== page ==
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Traveling with Schizophrenia or Schizoaffective Disorder

You can't travel without schizophrenia or schizoaffective disorder, and it's still with you when you get back home. So is it worth it to travel? Read this.Traveling with schizophrenia or schizoaffective disorder can make vacations tricky. If your symptoms flare up over the vacation, you can’t help but feel disappointed—and disoriented (Coping Skills for Hearing Voices on Vacation). You know you can’t take a vacation from yourself (or your disorder). And, even if the vacation goes well, then you might feel depressed when you get home and it’s all over. This is how recent traveling affected my schizoaffective disorder.

You Can’t Take Travel Away from Schizophrenia, Schizoaffective Disorder

“Wherever you go, there you are.”

“All good things must come to an end.”

These are two clichés that come to mind when I think about my recent vacation. My mom and I went to Door County, Wisconsin to celebrate our birthdays. We even bought each other birthday presents—I bought her a shrug, and she bought me a beautiful journal that smells like the incense and candles in the Stargazer shop where we found the gifts.

I have to talk about how much I love Wisconsin. I’m from Chicago, and Milwaukee is, to me, a smaller, more manageable Chicago. And I love so much getting out in nature in Door County and pretending with my mom that we’re woods faeries (our local Renaissance Faire is in Wisconsin). I don’t know if it’s the times I’ve had there or the place itself, but there’s something magical about the faraway feeling in nearby Wisconsin.

However, as magical as it is, I still have schizoaffective disorder when I travel. I even heard voices a little bit during our vacation, but they weren’t so bad that I had to worry my mom with them. Overall, we had a really nice trip together with minimal freaking out. I freaked out a lot during our trip to Door County last summer with a larger family group and at the height of the tourist season. You can’t take a travel away from your schizophrenia or schizoaffective disorder, especially in a crush of tourists in quaint, tiny towns.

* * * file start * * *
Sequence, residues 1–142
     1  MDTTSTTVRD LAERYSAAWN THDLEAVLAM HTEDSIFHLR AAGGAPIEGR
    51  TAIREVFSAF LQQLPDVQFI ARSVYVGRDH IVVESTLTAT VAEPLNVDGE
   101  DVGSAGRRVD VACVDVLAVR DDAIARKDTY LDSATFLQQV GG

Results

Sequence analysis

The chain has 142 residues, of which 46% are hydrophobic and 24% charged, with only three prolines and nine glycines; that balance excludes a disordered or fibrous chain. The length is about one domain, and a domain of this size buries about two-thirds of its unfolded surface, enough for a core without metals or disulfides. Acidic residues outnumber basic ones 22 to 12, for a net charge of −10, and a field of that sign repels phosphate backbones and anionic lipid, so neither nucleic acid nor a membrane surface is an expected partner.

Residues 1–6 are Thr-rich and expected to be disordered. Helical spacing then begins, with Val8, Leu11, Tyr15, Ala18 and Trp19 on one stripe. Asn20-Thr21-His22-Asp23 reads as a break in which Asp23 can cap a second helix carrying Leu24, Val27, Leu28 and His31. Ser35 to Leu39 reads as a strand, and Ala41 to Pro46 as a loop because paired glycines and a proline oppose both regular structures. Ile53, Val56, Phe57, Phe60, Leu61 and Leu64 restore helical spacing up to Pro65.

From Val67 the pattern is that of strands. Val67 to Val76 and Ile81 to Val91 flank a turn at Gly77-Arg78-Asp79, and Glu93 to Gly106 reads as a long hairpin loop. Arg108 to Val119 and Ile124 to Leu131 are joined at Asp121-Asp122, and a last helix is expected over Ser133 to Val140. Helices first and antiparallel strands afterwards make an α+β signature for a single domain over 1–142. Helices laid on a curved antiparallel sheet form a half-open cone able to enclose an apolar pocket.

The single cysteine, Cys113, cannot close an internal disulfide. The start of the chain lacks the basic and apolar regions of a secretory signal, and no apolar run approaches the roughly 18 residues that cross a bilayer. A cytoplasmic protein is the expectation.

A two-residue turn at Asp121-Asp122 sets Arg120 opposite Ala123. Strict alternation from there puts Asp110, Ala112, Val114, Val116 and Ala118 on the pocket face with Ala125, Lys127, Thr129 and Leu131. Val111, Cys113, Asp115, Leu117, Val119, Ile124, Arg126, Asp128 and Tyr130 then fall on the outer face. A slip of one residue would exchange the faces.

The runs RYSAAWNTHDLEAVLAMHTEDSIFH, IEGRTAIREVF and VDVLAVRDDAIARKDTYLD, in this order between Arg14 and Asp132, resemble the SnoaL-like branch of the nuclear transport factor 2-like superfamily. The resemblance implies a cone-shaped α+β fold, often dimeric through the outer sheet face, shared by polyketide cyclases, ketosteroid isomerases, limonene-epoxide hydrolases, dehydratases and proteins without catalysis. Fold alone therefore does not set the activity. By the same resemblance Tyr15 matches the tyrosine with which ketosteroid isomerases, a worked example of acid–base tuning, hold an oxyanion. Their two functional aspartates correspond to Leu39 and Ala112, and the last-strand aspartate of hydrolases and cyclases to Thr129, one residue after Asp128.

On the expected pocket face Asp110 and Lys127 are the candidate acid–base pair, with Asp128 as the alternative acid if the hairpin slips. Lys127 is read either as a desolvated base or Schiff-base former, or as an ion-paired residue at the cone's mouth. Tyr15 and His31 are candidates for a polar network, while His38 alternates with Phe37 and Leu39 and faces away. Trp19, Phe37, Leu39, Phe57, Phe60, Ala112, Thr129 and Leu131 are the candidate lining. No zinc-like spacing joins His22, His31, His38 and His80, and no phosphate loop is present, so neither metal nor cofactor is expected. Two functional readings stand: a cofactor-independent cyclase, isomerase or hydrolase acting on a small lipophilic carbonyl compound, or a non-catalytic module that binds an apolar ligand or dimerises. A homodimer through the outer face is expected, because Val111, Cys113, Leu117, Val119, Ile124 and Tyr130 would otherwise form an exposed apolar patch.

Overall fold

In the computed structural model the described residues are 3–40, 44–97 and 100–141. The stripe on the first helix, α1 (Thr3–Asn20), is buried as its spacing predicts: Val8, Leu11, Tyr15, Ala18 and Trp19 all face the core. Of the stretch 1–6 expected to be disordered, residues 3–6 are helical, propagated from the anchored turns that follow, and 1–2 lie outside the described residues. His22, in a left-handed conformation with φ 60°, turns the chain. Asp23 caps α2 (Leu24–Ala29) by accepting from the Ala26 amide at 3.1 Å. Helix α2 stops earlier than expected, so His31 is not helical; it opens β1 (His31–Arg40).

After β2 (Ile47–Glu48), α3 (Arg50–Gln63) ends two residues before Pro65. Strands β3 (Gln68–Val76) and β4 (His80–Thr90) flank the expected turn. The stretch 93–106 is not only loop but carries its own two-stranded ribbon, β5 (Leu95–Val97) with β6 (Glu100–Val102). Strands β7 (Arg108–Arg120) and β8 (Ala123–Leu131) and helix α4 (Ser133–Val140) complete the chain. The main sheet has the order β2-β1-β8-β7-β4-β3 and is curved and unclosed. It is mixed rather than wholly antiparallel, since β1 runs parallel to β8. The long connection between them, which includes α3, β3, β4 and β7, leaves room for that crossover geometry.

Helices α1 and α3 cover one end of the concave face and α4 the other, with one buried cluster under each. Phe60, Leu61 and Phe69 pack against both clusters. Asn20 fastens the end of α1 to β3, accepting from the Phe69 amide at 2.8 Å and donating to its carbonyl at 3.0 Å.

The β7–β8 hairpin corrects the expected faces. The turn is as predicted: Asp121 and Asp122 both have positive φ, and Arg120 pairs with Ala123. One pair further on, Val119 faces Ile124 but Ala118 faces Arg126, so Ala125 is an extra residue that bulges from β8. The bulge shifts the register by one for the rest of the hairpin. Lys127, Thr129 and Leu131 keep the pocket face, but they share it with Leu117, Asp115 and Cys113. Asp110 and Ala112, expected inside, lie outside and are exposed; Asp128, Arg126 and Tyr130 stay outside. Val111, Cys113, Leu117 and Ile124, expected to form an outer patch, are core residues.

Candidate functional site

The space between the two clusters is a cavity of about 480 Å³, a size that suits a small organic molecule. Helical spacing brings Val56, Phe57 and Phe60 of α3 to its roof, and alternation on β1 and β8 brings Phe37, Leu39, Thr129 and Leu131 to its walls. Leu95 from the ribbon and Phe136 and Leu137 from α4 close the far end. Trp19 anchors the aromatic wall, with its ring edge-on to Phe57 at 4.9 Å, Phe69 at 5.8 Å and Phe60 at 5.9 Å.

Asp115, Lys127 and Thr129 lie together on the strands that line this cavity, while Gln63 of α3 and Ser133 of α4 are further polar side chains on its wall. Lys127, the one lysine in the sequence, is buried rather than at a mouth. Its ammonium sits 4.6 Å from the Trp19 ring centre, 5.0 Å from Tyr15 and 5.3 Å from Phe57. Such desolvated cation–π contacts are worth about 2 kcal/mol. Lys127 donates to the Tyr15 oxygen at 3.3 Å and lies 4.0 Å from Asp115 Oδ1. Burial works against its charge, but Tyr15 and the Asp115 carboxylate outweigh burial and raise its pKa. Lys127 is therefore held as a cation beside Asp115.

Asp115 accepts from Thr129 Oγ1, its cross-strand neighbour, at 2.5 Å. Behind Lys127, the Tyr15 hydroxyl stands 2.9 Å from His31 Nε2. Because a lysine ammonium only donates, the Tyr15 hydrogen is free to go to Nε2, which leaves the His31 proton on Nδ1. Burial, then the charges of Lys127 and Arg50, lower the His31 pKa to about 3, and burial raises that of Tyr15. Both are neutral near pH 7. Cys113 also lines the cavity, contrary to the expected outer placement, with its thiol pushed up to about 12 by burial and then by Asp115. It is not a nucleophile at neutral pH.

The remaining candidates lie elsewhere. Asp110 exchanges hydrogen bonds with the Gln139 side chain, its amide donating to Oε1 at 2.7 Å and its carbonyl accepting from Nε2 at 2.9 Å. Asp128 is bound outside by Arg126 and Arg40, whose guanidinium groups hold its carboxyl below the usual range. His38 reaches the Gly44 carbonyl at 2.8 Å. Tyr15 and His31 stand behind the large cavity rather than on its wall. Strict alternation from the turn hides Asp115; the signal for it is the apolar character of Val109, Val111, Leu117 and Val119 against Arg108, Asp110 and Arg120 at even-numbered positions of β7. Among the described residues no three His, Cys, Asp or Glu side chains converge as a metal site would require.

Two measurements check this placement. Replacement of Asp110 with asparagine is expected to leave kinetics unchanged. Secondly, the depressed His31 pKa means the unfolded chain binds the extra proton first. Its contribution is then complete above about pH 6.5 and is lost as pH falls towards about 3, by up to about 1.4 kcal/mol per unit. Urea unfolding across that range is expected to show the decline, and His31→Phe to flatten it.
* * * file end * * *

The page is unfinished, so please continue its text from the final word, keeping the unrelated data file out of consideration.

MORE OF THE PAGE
After Travelling, Schizophrenia and Schizoaffective Disorder Come Home

I always expect the trip to Wisconsin I take with my mom in the spring, and my whole family in the summer, to change my life. It never does. When I come home, the same problems are waiting for me (Let Go of Anxiety by Letting Go of Expectations). I’ve been struggling with my generalized anxiety disorder for some time now. I struggle with loneliness. I struggle with feeling suicidal. My anxiety is better when I’m busy, so I decided to volunteer at a soup kitchen. Being around people when I’m volunteering will help with the loneliness. And my anxiety and loneliness are a big reason why I feel suicidal.

However, I wasn’t prepared for the overwhelming loneliness I felt today, my first day back from Wisconsin. It seems that I am surrounded by darkness. But I want to be a light in that darkness, a light in my own darkness, if that is possible. I hope and believe it is.

Author: Elizabeth Caudy

Elizabeth Caudy was born in 1979 to a writer and a photographer. She has been writing since she was five years old. She has a BFA from The School of the Art Institute of Chicago and an MFA in photography from Columbia College Chicago. She lives outside Chicago with her husband, Tom. Find Elizabeth on Google+ and on her personal blog.

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